Since 2014, I have taken students to Argentina, California, and Spain. I have come to recognize the value of meetings and orientations before the actual trip to cover risks, cultural competence, team building, and student leadership. During the trips, I have found it extremely important to empower participants and to make sure each activity is intentional in pushing students to become more aware. With all of this “doing,” my hope is that students come away with both something for themselves and to offer the world. On my recent trip to Spain, students were assigned days to lead, and everyone kept an art journal where they wrote, drew, pasted Kodak photos and made collages about their experience that they would later share with the community. It was also awesome learning from my co-leader, an art teacher and former NOLS instructor, who was instrumental in designing this experience. I have found it truly helpful, inspirational and important to work alongside my colleagues. Both of these trips that I have offered have further highlighted the values of education and travel, and they constitute my most sacred moments of experiential learning. Leading these trips has helped me realize that I can continue to grow alongside my students as we push each other beyond what is comfortable and familiar to explore the unknown. 

Student Journey Series: Dylan Holmes

Each month, the Student Journeys Series features a guest blog post by a former student of Vicki’s. They write about how their lives have been shaped through their global education experiences. This week’s Student Journey post is written by Dylan Holmes. Dylan currently lives in Melbourne, Australia where he works as a product manager for a software startup. 

IMG_0922I was first introduced to global travel at 10 years old when my family and I spent a month in Italy and France. I visited Canada a number of times before then but, as a native of Seattle, Washington, it feels odd for me to call these “global” experiences. You don’t absorb much global culture while sitting in the back seat of a minivan during the four hour drive to the Canadian border. In any case, my time in Italy and France was marked by a series of adventures: climbing to the top of bell towers throughout Italy, playing chess against friendly strangers in Cinque Terre, perfecting my bocce game in a small town in Provence, France, and more. We saw all the typical tourist sights as well, but what has stuck with me from that trip are the mundane yet irreplaceable memories.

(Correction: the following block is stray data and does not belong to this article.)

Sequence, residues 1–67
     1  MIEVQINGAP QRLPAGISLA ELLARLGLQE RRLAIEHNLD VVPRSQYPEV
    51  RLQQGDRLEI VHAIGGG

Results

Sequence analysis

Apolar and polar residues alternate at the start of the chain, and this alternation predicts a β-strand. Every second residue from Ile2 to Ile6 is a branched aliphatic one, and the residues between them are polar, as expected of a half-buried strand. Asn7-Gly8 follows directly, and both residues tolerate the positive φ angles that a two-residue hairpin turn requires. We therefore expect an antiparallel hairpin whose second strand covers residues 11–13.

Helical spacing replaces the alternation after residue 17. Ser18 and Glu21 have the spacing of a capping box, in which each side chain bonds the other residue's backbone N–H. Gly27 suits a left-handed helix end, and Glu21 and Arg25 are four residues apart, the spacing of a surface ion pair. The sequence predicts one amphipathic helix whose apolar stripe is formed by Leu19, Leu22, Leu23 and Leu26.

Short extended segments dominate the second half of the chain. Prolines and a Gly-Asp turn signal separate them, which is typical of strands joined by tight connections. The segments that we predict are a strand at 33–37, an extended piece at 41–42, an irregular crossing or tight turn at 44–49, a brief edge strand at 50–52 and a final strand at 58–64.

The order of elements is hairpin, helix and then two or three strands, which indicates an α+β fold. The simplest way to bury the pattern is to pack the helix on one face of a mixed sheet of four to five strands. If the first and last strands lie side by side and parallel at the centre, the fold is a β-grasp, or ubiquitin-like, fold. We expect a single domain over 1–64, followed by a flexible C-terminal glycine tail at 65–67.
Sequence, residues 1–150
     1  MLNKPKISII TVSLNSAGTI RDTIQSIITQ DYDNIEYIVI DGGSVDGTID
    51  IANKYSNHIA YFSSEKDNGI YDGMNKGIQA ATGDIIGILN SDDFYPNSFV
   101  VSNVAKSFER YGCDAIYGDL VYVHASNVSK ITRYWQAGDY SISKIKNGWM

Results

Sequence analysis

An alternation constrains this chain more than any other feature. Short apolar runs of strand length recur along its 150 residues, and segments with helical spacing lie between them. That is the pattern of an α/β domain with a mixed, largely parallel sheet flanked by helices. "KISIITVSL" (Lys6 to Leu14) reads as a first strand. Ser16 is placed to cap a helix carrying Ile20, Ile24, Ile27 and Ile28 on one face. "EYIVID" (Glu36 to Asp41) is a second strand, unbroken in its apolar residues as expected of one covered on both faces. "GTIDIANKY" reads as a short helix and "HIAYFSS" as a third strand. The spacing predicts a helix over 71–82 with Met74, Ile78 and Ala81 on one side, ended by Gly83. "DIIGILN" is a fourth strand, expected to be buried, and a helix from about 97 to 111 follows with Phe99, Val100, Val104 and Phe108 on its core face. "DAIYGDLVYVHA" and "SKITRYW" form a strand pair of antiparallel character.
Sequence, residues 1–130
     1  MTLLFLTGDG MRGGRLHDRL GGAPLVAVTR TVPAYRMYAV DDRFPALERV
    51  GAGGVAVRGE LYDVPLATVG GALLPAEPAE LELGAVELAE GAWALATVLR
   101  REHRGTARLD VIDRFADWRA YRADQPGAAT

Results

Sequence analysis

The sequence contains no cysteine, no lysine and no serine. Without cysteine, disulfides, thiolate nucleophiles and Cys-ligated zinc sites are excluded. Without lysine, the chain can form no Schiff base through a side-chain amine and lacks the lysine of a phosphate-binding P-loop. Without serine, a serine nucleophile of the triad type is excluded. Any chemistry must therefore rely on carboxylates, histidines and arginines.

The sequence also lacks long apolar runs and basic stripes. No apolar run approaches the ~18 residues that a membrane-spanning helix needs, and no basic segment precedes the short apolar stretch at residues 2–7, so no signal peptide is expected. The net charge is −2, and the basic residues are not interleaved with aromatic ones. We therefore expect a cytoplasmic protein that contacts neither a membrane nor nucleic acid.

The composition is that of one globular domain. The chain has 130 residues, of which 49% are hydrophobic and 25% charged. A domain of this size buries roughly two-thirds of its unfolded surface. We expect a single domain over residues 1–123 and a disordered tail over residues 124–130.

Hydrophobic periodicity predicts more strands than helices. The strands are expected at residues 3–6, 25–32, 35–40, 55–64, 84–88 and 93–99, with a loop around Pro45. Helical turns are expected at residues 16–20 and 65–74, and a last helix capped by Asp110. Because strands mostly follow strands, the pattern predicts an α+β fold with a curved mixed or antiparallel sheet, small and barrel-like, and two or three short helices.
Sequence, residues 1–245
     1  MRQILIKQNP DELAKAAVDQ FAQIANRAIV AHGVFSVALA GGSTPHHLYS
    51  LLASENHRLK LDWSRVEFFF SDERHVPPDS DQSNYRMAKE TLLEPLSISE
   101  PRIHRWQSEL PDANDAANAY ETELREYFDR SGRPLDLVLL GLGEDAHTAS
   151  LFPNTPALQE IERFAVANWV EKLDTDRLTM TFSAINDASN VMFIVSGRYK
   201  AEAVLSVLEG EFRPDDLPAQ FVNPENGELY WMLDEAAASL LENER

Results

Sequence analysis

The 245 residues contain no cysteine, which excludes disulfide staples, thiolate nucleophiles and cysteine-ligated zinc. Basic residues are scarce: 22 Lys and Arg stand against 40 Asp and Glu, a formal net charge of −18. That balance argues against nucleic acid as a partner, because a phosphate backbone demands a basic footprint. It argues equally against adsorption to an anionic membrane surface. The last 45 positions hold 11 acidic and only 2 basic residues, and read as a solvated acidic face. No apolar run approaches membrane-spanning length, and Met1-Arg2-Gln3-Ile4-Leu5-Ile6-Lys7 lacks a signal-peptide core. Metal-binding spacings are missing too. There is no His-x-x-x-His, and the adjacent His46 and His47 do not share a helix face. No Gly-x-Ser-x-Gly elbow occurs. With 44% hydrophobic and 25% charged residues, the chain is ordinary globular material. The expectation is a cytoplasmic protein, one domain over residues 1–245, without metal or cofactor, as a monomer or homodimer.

I sought more of these experiences throughout my educational life. I visited Costa Rica and Peru through global service learning programs during my middle and high school years. Was I mentally prepared for these trips? Doubtful. Were they worth it? Absolutely. Well, that’s probably the wrong question. The right question is: who would I be without these trips? They had such a profound impact on my life trajectory that it is hard to know.

IMG_0921 I respected my education before my trip to Peru, but my homestay in Ollantaytambo, Peru made me realize that I was taking too much of it for granted. My host family was hosting more than just me during my stay. They were also housing a five year old boy from a remote Andean village that only spoke Quechua. His reason for being there? Getting a quality education. His parents were hours away, he was surrounded by people that didn’t speak his language, and yet he was still there because Ollantaytambo had the best school for miles. And my host family was sacrificing a great deal to make sure this little boy could learn. He was a real part of the family – receiving food, housing, and love day in and day out. I was floored.

We were only in Ollanta for two weeks and I doubt I left a lasting imprint on the town or my host family. I do know, however, that the consistent presence of those global education programs in Ollantaytambo has led to fundamental changes in the region. Years after their original visit, students have gone back to Ollantaytambo to start nonprofits and help community organizations. Some of these initiatives are still running to this day.

IMG_0923Global travel and learning have been my top priorities since my early brush with global education. I studied abroad in Seville, Spain; became fluent in Spanish; foolishly let my Spanish skills rust; jumped into a career in software startups (for which I had no experience nor training coming out of college); absorbed the startup experience for four years in Seattle; and moved to Melbourne, Australia six months ago to become a product manager for yet another software startup.

Everyone that participates in a global education program takes something different away from it. I found a bit of extra motivation towards my education… and developed an even stronger love for travel. I’m on the other side of the world because of it. Now — I’m not trying to gloss over the difficult and trying moments. There are too many of those to count, but they have all been worth it.

Camino de Santiago

This week’s post is written by Kaitlin Fisher, former Global Weeks Program Associate, about her experience leading a group of high school students on backpacking program along the Camino de Santiago this summer.